Shipped is Better Than Perfect

Perfectionism stops people from completing their work, yes — but even worse, it often stops people from beginning their work. — Elizabeth Gilbert

Middle school life is awesome.

There is so much hope at this age. So much optimism. So much willingness to try new things, to push the boundaries of what is expected, to create humor and fun at every turn.

Yet there are also subversive forces at work. Quiet fears and anxieties plague our teens as much as they do adults — sometimes even more so.

Problems with One Word 2020

The collection of OneWords pictured above gives me joy, yet it also gives me cause for concern.

I shot this picture one week after introducing the One Word idea to my eighth graders in 2020 and getting them started on what I thought could be a fun activity of self-expression, identity, and vision for the future.

One week. At least two separate blocks were set aside to work on these — maybe three. And here I was, looking at 16 completed pieces out of 28.

A week and a half later, the picture had improved a little. I now had 21 completed OneWords on the wall.

But that was still 25% missing — ten days after introducing the activity.

What was going on?

The Trap of Perfectionism

I talked to one of my missing seven about it. He was sheepish, freely admitting that this little art activity could and should have been finished by now.

“I don’t like mine,” he explained matter-of-factly. “I want to start it again.”

At a glance, it’s an admirable sentiment, isn’t it? High standards. The pursuit of excellence. The commitment to improvement. The idea that one is demanding better of themselves.

As committed professionals, we can empathize, because we’ve had those same thoughts as well.

But there’s a fatal problem, because perfectionism can kill production.

Those noble intentions of improvement and further iterations can be lost to the sands of time. Days turn quickly into weeks. New learning activities come and go.

And the One Word, the essay, the video project, the whatever-has-to-be-perfect … doesn’t get finished at all.

Shipped is Better Than Perfect

For some of our learners, we desperately need to see more effort. More thought and care. More attention to details. More personal investment.

We know that as they increase their commitment to the process, their learning will grow.

Those students are not the ones I’m concerned with here.

The ones I’m concerned with are capable of completing the task and meeting the learning target. But they hold such high expectations of themselves that their perfectionism becomes their prison. Fears of missing the mark — their own mark, mind you — hold them back from trying.

I think it was Seth Godin who first observed that shipped is better than perfect.

The idea being that as long as a product is sitting somewhere being thought about, dreamed about, improved upon, held onto because “it’s not ready yet” … it has no relevance in the world.

The finished product — whatever form it takes — may have its flaws. It may be criticized or judged. It may be rejected.

But at least it’s out there.

Engage the Gears of Momentum and Improvement

And once the work is out there, the gears of creative production become engaged. The iterative process gains traction. And the journey of growth and improvement becomes inevitable.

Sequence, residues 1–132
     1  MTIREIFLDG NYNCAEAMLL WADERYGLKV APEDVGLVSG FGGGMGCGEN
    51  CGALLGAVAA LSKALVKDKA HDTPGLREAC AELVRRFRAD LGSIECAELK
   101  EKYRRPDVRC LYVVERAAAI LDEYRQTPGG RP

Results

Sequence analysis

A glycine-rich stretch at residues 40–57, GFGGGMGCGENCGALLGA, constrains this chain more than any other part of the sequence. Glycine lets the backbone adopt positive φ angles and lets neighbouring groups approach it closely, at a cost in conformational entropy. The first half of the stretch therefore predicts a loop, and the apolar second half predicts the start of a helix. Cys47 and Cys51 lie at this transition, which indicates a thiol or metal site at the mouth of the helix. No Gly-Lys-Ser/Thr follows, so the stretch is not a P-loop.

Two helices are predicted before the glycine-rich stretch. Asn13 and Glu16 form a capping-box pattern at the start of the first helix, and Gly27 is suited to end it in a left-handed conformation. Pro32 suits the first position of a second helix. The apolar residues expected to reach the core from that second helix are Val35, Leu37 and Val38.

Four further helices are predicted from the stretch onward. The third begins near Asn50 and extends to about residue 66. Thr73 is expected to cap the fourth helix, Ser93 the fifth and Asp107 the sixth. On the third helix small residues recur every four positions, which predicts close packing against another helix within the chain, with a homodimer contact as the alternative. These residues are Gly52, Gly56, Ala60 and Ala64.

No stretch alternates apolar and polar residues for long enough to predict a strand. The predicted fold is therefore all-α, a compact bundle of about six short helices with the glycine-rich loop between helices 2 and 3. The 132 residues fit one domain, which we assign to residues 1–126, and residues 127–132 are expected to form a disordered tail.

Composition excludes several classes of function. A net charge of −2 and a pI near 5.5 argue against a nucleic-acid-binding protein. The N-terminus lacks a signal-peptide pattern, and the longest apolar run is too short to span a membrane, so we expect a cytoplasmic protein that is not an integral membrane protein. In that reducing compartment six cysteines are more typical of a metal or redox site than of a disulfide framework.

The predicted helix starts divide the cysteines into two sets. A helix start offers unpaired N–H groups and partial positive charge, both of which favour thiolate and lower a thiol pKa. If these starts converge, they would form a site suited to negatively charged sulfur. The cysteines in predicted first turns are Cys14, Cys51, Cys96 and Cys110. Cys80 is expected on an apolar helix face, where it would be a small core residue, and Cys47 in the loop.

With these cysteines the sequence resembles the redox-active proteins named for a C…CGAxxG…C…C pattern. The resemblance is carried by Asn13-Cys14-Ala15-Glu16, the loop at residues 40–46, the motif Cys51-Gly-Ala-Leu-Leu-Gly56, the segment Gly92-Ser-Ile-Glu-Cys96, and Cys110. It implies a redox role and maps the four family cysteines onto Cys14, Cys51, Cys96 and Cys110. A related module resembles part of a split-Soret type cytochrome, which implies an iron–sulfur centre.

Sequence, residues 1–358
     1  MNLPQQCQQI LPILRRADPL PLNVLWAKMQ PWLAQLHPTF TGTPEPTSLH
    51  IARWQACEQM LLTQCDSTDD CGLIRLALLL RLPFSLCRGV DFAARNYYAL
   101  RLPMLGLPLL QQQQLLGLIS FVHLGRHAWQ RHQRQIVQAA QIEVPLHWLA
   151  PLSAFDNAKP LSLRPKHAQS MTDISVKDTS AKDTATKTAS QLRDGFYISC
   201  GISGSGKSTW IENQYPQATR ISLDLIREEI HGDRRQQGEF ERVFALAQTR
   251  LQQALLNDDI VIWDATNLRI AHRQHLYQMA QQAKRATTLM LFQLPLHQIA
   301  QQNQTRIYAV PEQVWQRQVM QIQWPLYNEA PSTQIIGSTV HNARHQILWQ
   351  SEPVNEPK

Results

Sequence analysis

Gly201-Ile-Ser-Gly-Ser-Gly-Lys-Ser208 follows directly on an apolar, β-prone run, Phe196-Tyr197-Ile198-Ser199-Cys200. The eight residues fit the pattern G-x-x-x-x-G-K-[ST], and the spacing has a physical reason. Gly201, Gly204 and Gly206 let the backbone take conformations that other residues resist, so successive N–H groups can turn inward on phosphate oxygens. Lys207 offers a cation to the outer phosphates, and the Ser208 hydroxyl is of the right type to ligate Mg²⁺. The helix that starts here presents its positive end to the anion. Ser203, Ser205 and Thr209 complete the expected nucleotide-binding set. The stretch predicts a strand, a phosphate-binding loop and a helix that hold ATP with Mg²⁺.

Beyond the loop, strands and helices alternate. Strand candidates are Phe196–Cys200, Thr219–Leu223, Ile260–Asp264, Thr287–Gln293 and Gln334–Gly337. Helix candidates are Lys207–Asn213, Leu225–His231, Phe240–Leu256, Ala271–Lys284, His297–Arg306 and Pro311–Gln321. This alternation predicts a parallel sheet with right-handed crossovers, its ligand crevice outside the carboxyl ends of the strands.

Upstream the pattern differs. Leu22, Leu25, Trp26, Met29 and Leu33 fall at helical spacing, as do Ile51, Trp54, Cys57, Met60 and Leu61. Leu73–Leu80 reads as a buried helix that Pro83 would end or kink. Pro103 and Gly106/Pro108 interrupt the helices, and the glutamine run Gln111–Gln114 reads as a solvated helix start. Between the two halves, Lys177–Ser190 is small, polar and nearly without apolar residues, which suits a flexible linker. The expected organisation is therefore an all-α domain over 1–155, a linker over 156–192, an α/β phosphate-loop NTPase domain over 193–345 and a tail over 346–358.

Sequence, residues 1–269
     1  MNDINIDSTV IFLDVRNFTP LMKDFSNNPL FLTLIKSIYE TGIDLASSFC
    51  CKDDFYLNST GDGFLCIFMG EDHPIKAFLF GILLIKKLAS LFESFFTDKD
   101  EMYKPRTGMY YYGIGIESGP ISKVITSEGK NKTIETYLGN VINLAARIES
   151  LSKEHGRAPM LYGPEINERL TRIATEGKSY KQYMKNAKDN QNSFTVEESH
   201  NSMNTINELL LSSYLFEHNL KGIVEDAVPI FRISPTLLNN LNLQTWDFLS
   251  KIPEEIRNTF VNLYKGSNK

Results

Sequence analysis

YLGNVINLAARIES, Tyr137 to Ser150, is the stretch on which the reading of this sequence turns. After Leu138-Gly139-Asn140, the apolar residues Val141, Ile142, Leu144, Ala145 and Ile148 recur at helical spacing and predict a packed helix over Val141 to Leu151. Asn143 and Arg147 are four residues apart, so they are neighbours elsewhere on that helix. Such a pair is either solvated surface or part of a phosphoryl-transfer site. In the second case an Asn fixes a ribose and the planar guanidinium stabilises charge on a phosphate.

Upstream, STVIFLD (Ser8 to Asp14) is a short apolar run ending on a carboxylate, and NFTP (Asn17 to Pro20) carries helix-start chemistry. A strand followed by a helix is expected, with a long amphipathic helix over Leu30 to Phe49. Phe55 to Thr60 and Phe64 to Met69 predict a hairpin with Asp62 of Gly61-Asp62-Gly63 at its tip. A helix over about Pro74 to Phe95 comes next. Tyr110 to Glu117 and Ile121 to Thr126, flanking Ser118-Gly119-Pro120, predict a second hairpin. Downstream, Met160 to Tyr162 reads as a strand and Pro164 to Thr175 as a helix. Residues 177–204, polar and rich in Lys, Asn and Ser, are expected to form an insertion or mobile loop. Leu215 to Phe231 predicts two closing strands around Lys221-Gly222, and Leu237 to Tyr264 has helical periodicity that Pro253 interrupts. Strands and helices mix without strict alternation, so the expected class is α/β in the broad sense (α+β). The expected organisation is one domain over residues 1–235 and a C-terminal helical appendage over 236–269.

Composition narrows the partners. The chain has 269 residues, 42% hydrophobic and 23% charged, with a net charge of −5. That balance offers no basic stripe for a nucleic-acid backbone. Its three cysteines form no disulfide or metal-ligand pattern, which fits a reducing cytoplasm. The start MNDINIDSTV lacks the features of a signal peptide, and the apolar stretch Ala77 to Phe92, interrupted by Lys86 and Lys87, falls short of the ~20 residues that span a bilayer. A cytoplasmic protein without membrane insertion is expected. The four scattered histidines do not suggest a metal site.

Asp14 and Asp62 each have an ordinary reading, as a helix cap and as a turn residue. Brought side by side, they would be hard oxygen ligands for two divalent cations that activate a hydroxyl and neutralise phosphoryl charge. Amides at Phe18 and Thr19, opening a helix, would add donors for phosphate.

So it is with blogging. And vlogging. And podcasting.

All of these creative endeavors get uncomfortable. I have thoughts of regret and humiliation almost every time I hit publish, because nine times out of ten I am keenly aware of how the work could have been done better.

But I continue to ship, and ship, and ship, because I know that as I do, as I gain more reps, the confidence and mastery will come with time.

This is the all-important lesson I want to share with my students.

There comes a time when you must hit publish. When you must submit the work. When you must hand in the essay. When you must move on.

It may not be perfect. But it’s out there. It can be consumed by others. It’s in the conversation.

And it’s for that reason that shipped is better — way, way better — than perfect.

sketch pad and coloring pens

Dr. Francois Naude: Content Creation, Growth Mindset, and Building Excellence in Educators

Who is Dr. Francois Naude?

Dr. Francois Naude is an award-winning teacher, education engineer, co-founder of the Work Integrated Learning tracker, speaker, presenter, author, podcaster, consultant, mentor, entrepreneur, and Crossfit fan. Catch regular content from this former South African teacher of the year on his podcast and YouTube channel, both called Super Teachers Unite.

Questions, Topics, and YouTube Timestamps

  • 5:18 – It’s story time! Please share with us about a low moment or an experience of adversity that you’ve faced in your teaching or education career, and describe how you overcame it.
  • 11:53 – Francois, I want to start this conversation with Super Teacher. You’ve built your brand, YouTube channel, and podcast around this term. So here’s the all-important question: In your opinion, what defines a super teacher?
  • 15:55 – You and I have shared some good conversations around content creation in the education space. We both enjoy sharing ideas through podcasts, Instagram, Twitter, and YouTube. In your view, is content creation and networking a good move for every educator?
  • 19:18 – As you look across your PLN and your own professional practice, what else is setting you on fire about education today?
  • 22:37 – How are you looking to grow professionally and improve your practice right now? Can you share about a specific professional goal or project that you’re currently working on?
  • 24:34 – Outside of education, what’s another area of learning for you? What is it that ignites your passions outside of the classroom and brings you alive as a human being? Tell us why this area interests you and why you enjoy it.
  • 25:45 – Share about one personal habit or productivity hack that contributes to your success.

Voices and Resources That Spark Francois’ Thinking

Follow Francois

Connect with Teachers on Fire

Subscribe to the Teachers on Fire podcast on your mobile device

Song Track Credits

  • Sunrise Drive by South London Hifi*
  • Anthem by The Grand Affair*
  • Roots of Legend by Density & Time
  • Memory Rain by Yung Logos
  • *tracks courtesy of the YouTube Audio Library

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Chey & Pav and The Staffroom Podcast

In this edition of the Roundtable, host Tim Cavey connects with the well-loved Chey Cheney and Pav Wander, co-hosts of The Staffroom Podcast and The Drive with Chey & Pav.

Select any of the timestamps listed below to jump to specific portions of the discussion. ⬇️

Questions and Timestamps from This Conversation